Pub.: 14 Feb '16, Pinned: 31 Aug '17

Tunable Multiscale Nanoparticle Ordering by Polymer Crystallization

Abstract: The multiscale assembly of nanoparticles is achieved by leveraging the hierarchical structure of lamellar polymer crystals and the kinetics of crystallization. This NP ordering increases the Young’s modulus but without sacrificing fracture toughness.While ∼75% of commercially utilized polymers are semicrystalline, the generally low mechanical modulus of these materials, especially for those possessing a glass transition temperature below room temperature, restricts their use for structural applications. Our focus in this paper is to address this deficiency through the controlled, multiscale assembly of nanoparticles (NPs), in particular by leveraging the kinetics of polymer crystallization. This process yields a multiscale NP structure that is templated by the lamellar semicrystalline polymer morphology and spans NPs engulfed by the growing crystals, NPs ordered into layers in the interlamellar zone [spacing of (10–100 nm)], and NPs assembled into fractal objects at the interfibrillar scale, (1–10 μm). The relative fraction of NPs in this hierarchy is readily manipulated by the crystallization speed. Adding NPs usually increases the Young’s modulus of the polymer, but the effects of multiscale ordering are nearly an order of magnitude larger than those for a state where the NPs are not ordered, i.e., randomly dispersed in the matrix. Since the material’s fracture toughness remains practically unaffected in this process, this assembly strategy allows us to create high modulus materials that retain the attractive high toughness and low density of polymers.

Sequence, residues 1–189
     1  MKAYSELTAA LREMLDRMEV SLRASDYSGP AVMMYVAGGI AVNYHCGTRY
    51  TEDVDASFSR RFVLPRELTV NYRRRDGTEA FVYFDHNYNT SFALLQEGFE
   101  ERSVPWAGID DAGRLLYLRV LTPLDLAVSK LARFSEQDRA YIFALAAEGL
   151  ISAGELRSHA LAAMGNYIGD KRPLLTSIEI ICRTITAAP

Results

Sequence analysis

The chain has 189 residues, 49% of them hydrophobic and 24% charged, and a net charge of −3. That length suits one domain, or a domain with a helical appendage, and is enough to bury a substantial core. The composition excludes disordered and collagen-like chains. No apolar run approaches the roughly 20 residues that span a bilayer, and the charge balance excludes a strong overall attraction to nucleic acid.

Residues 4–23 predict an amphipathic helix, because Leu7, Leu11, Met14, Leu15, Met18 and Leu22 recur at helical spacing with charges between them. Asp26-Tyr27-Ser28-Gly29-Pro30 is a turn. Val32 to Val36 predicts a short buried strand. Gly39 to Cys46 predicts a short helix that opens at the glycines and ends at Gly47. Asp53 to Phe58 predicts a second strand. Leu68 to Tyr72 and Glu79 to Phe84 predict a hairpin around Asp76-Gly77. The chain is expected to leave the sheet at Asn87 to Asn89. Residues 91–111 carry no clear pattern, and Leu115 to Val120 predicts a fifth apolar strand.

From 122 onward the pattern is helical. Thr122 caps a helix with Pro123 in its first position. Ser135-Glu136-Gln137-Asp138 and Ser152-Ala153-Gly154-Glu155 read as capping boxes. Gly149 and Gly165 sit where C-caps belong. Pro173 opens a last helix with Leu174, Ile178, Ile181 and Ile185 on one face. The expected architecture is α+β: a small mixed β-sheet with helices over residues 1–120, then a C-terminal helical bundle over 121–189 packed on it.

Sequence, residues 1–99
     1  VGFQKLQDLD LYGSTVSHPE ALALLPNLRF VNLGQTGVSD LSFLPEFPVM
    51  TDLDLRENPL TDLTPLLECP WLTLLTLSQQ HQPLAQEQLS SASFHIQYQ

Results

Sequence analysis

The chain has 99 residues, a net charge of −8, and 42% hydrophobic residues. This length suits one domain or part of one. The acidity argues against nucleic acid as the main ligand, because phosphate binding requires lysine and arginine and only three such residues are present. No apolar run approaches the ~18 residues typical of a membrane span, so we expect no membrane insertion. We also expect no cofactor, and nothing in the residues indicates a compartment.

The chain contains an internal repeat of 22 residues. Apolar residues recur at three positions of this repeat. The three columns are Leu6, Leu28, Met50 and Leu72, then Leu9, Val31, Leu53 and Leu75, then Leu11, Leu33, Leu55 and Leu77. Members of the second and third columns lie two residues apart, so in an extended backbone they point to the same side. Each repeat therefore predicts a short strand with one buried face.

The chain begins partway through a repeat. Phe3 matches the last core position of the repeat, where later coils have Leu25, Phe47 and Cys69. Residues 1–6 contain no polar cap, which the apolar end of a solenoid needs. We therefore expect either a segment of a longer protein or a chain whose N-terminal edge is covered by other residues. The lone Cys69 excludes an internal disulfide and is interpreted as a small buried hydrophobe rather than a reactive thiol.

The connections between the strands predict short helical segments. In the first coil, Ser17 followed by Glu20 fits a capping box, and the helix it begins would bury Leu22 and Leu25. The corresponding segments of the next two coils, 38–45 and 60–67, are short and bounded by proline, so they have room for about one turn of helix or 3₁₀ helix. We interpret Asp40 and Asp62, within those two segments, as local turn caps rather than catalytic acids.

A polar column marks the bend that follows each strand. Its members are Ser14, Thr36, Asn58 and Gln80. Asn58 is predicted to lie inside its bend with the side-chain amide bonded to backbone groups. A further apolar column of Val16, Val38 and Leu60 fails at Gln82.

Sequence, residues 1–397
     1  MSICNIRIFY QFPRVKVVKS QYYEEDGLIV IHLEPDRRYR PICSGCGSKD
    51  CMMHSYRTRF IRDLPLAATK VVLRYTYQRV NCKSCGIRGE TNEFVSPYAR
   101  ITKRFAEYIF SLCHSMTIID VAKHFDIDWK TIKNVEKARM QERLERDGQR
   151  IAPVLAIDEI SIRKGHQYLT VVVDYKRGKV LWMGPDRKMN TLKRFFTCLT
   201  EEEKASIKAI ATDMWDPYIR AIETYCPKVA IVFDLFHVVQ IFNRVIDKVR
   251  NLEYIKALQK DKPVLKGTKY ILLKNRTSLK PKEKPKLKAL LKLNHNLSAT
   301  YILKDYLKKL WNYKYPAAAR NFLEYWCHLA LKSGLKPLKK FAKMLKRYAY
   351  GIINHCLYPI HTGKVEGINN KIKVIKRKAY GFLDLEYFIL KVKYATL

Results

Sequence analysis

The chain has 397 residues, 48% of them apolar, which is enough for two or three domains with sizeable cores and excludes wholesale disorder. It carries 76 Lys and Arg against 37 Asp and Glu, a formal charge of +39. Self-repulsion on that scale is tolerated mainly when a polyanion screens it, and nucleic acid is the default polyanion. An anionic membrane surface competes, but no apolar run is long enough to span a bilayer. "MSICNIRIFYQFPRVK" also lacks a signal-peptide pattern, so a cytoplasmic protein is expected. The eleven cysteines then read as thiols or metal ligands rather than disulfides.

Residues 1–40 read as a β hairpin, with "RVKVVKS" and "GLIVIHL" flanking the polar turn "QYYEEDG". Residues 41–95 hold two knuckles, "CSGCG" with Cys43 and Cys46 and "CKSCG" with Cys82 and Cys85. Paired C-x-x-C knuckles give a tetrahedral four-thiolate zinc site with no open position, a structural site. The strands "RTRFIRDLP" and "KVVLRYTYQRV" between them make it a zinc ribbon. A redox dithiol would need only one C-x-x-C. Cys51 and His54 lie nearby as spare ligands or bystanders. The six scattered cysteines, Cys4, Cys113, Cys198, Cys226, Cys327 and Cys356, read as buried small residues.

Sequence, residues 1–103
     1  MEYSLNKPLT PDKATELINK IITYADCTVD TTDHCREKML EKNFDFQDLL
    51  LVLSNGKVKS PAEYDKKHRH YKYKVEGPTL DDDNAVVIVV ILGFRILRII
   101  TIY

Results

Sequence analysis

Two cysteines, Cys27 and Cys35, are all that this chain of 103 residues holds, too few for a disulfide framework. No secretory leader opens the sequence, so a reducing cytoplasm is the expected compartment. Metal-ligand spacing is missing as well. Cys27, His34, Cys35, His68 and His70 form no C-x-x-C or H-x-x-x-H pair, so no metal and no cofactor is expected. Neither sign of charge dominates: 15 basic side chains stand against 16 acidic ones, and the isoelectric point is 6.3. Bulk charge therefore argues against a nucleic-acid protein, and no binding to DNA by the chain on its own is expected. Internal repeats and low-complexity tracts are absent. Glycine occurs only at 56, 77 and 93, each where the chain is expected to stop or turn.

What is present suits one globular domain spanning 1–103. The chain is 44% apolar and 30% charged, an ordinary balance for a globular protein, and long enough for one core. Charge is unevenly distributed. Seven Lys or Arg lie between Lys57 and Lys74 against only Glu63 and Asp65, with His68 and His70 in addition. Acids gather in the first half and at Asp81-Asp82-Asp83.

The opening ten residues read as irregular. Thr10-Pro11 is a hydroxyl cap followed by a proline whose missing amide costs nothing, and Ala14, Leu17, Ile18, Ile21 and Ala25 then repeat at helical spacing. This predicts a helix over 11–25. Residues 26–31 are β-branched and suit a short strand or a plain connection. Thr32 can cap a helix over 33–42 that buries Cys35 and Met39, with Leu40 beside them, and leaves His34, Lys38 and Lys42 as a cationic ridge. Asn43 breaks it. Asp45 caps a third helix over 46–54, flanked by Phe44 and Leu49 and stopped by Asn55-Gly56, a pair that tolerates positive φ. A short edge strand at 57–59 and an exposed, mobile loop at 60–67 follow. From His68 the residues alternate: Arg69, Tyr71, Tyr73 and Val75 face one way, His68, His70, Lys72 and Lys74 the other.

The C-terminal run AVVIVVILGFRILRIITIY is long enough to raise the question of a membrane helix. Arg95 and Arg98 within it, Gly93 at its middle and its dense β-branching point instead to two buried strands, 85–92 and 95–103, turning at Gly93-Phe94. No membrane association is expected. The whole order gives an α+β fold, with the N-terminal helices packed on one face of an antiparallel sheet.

Pub.: 07 Jun '17, Pinned: 31 Aug '17

Making waves in a photoactive polymer film.

Abstract: Oscillating materials that adapt their shapes in response to external stimuli are of interest for emerging applications in medicine and robotics. For example, liquid-crystal networks can be programmed to undergo stimulus-induced deformations in various geometries, including in response to light. Azobenzene molecules are often incorporated into liquid-crystal polymer films to make them photoresponsive; however, in most cases only the bending responses of these films have been studied, and relaxation after photo-isomerization is rather slow. Modifying the core or adding substituents to the azobenzene moiety can lead to marked changes in photophysical and photochemical properties, providing an opportunity to circumvent the use of a complex set-up that involves multiple light sources, lenses or mirrors. Here, by incorporating azobenzene derivatives with fast cis-to-trans thermal relaxation into liquid-crystal networks, we generate photoactive polymer films that exhibit continuous, directional, macroscopic mechanical waves under constant light illumination, with a feedback loop that is driven by self-shadowing. We explain the mechanism of wave generation using a theoretical model and numerical simulations, which show good qualitative agreement with our experiments. We also demonstrate the potential application of our photoactive films in light-driven locomotion and self-cleaning surfaces, and anticipate further applications in fields such as photomechanical energy harvesting and miniaturized transport.

Pub.: 29 Jun '17, Pinned: 31 Aug '17